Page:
And indeed, it was precisely in order to draw out the complexity of artists’ relations to society that the curators also organized what they called a “Parliament of Bodies”—discursive spaces that include live forums, radio broadcasts, film screenings, and communal performances. While a “parliament of bodies” might play on democracy’s Greek origins, as Documenta 14 makes clear again and again, even an enlightened team of international art curators can’t resolve what is unresolvable about democracy, including the politics of representation. Take, for example, the accusations of hypocrisy leveled at the curators and even some of the artists by LGBTQ activists, animal-rights activists, and Artists Against Evictions, who complained in April of the curators’ silence in the face of government arrests of squatting artists and refugees in two Athenian neighborhoods. Did Szymczyk or any of the curators ever respond—or perhaps more importantly, do we even know what an appropriate response might have been? Like the various graffiti across Athens (e.g., “Fuck Documenta” written over Documenta posters), such accusations and invectives at least force audiences (and non-audiences) to try to imagine how an art exhibit might usefully respond to such issues or to live protests. In this era of endless Internet quibbles, it is almost cleansing to have such open-ended, perhaps unresolvable debate. Documenta certainly advances its own political propositions, but one can also consider the public spaces for resistance that it constructed, built over, or failed to generate as further propositions, co-authored with a sometimes unwilling public.
It is therefore perhaps fitting that one of the exhibit’s most successful pieces is a mere proposition in the sense that it was hatched by Benjamin Patterson, an African-American Fluxus artist who died before he could himself execute it. His gorgeous and hilarious sound installation When Elephants Fight, It Is the Frogs That Suffer (2016–17) was finished posthumously and invisibly secreted into the bushes and lilies of the gardens of Athens’ Byzantine and Christian Museum. There, When Elephants Fight interjects often silly choruses (“Oh we are the musical frogs / who live in the marshes and bogs”) into rocking pretend-frog sounds (humans imitating, often slowing down and thereby magnifying, the animal sounds) and real-frog symphonies. The piece riffs on his earlier Pond (1962), in which participants set mechanical frogs to hop across a floor-drawn grid, as well as Aristophanes’s The Frogs, which smuggles political messages into a play that uses aesthetic competition to resolve the political fate of the Athenians. If in Aristophanes’s play, a comedic approach accentuates the seriousness of the political stakes, in Patterson’s work it is the setting—current-day Athens, where the stakes are painfully high—that lends the comedic competition between human and frog a sense of distant but epochal weight. Documenta 14 works similarly, to distribute the political weightiness of art works across the exhibit as a whole. The art shown is itself—like The Frogs—far from apolitical, but it does not often carry its politics with the kind of righteous didacticism associated with “political art.” That didacticism—that forcefulness and directness—is reserved, in the end, for the framework of Europe as a whole, offered up as a cadaver, but a worthy target still.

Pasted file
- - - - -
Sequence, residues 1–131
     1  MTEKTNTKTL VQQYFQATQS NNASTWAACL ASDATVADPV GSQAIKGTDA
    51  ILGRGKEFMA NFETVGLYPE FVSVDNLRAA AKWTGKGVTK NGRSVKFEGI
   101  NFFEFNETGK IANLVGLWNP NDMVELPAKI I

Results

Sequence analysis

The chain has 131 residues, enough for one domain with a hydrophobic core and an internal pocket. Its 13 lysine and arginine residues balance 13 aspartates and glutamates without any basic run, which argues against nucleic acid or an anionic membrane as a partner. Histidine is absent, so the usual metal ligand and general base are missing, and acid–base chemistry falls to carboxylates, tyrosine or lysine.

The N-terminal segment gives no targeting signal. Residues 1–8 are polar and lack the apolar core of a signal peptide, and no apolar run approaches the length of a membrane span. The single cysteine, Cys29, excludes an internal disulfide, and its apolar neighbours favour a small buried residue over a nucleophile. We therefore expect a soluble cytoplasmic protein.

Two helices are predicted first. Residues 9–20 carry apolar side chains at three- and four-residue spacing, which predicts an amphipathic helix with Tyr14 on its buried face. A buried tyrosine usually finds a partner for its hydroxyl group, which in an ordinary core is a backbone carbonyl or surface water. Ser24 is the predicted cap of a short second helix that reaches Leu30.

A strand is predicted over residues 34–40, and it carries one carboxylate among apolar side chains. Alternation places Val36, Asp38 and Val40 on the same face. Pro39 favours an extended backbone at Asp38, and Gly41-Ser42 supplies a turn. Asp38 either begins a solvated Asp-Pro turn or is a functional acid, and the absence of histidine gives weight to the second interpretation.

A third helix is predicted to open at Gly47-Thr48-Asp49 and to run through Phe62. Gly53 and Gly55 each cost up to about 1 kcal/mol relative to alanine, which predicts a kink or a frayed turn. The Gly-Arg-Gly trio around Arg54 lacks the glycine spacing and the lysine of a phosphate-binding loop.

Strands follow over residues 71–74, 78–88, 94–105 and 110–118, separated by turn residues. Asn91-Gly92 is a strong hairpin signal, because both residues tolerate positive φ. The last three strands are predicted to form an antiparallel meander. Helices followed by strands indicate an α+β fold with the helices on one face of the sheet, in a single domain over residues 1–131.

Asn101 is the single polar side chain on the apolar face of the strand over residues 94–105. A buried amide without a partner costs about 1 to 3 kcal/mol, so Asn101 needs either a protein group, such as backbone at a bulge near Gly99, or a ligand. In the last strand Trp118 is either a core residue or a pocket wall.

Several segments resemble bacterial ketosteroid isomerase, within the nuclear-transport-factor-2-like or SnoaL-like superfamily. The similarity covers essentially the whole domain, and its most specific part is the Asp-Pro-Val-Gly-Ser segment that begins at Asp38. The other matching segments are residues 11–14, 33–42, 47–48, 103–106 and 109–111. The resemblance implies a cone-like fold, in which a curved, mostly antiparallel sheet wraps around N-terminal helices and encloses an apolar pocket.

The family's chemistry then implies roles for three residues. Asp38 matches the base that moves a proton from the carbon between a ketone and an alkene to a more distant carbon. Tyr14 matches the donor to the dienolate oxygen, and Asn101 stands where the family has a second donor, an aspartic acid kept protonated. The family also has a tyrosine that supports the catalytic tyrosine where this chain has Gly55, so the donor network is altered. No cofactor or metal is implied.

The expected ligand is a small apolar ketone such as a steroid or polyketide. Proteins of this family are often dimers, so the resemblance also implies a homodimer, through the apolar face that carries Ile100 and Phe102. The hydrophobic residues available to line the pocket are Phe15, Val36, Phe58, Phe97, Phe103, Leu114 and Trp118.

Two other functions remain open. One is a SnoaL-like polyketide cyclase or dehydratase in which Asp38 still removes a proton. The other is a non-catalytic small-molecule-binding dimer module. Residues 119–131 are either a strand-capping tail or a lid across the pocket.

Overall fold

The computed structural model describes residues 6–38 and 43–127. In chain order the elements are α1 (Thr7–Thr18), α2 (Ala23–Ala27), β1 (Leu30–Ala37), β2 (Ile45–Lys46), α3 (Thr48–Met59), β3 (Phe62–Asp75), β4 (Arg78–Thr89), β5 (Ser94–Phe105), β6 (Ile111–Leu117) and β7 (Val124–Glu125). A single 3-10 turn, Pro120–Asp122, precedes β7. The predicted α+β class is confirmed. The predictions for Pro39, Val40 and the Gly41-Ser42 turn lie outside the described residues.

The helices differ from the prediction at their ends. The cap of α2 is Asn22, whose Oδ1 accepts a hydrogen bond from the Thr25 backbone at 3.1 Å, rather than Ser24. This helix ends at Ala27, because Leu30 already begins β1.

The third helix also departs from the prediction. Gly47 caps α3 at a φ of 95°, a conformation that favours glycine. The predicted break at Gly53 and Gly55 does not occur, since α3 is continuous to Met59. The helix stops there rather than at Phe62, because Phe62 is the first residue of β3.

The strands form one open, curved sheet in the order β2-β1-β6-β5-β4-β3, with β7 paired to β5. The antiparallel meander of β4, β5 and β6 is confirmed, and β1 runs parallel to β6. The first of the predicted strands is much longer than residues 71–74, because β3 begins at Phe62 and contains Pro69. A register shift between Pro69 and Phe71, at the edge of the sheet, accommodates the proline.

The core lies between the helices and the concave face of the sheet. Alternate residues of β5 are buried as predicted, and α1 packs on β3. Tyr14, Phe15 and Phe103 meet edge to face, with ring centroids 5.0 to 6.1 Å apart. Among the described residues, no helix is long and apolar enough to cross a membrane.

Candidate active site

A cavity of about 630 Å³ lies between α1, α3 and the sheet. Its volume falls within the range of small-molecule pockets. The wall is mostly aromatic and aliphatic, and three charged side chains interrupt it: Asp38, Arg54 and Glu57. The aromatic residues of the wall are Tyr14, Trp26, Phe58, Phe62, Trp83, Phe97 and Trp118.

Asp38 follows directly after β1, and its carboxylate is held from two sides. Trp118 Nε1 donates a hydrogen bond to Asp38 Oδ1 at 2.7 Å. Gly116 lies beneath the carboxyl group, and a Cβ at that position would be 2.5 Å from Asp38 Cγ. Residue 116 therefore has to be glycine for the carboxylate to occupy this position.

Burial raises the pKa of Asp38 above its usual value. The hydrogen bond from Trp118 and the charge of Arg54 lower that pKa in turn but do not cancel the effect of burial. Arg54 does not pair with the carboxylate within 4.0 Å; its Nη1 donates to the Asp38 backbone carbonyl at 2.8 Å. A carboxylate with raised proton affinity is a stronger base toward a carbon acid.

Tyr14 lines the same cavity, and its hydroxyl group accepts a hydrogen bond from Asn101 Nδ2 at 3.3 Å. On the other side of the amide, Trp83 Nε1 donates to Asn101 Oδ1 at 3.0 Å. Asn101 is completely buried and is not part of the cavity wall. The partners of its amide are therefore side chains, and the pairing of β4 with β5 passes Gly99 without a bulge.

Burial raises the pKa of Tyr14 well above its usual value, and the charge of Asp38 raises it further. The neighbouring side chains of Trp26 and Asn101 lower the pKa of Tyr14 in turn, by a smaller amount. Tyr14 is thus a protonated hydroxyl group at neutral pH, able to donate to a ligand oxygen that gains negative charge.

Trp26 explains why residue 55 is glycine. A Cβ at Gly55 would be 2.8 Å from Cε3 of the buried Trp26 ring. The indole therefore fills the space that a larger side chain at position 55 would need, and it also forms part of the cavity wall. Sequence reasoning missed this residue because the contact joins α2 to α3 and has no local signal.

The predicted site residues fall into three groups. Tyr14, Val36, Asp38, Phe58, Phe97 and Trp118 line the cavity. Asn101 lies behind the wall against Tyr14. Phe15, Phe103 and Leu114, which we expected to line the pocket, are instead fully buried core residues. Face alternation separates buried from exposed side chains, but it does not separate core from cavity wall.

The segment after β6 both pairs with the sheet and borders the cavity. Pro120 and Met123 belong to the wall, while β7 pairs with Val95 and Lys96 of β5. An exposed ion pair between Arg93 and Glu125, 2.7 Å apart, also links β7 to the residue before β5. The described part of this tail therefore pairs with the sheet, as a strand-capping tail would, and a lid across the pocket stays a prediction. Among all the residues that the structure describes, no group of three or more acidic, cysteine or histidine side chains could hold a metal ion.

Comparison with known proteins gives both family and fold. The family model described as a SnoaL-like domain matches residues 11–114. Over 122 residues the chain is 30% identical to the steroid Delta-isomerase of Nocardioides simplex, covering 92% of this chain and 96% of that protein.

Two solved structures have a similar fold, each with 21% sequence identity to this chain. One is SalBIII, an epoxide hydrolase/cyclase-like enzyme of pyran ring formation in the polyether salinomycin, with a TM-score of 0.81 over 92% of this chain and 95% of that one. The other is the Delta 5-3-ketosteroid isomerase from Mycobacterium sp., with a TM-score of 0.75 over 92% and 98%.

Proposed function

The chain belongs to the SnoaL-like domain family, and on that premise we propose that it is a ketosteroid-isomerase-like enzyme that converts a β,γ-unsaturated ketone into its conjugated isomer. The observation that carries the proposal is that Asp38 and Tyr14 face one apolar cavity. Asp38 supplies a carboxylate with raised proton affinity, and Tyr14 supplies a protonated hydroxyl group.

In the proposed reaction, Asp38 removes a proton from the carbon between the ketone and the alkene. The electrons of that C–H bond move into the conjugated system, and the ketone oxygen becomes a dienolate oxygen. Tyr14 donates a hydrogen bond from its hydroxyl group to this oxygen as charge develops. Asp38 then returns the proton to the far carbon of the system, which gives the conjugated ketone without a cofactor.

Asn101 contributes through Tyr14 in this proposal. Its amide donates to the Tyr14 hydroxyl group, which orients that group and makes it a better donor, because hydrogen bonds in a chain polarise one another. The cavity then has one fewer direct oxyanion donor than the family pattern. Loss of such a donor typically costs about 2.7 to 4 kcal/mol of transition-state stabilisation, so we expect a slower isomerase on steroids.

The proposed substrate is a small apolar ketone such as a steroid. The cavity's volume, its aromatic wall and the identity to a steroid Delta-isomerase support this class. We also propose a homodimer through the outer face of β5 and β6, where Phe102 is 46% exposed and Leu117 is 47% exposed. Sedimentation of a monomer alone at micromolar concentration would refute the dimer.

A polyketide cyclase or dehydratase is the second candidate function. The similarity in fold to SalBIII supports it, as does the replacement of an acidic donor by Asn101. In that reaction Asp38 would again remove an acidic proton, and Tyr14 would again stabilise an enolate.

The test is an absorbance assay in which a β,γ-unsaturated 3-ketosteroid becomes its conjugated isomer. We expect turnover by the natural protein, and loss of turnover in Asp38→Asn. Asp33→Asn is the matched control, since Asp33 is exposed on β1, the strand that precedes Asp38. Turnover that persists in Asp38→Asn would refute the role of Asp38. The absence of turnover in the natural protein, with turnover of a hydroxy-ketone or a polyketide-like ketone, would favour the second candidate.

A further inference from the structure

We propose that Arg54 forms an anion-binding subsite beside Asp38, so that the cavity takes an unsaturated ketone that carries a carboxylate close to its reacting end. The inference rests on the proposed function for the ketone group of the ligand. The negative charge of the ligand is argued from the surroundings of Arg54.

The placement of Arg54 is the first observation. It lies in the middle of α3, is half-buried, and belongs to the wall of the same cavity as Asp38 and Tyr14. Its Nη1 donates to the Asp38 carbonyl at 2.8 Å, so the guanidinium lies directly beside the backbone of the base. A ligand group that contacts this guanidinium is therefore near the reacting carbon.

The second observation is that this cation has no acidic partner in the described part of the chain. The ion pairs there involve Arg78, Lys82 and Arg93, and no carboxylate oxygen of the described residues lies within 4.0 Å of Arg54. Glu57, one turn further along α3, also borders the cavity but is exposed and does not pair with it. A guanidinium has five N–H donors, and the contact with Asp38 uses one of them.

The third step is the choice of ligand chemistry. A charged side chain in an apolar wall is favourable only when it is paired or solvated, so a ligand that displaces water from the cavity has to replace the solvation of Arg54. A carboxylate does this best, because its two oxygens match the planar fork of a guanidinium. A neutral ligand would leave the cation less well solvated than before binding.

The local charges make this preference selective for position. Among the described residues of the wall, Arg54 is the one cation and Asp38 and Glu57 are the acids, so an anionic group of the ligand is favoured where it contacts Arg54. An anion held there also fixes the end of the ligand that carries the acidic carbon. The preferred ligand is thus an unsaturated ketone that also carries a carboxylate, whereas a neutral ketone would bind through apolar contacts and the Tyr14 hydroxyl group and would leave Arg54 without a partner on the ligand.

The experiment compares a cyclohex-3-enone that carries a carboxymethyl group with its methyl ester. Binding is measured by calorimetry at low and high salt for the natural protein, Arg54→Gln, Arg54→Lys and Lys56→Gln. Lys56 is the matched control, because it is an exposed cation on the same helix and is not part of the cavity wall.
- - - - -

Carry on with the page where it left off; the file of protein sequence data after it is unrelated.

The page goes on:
Rachel Haidu is an associate professor in the Department of Art and Art History and director of the Graduate Program in Visual and Cultural Studies at the University of Rochester. She is the author of The Absence of Work: Marcel Broodthaers 1964–1976 (MIT Press/October Books, 2010) and numerous essays, most recently on the works of Ulrike Müller, Andrzej Wróblewski, Yvonne Rainer, Sharon Hayes, James Coleman, Gerhard Richter, and Sol LeWitt. Her current book manuscript examines notions of selfhood that develop in contemporary artists’ films and video, dance, and painting.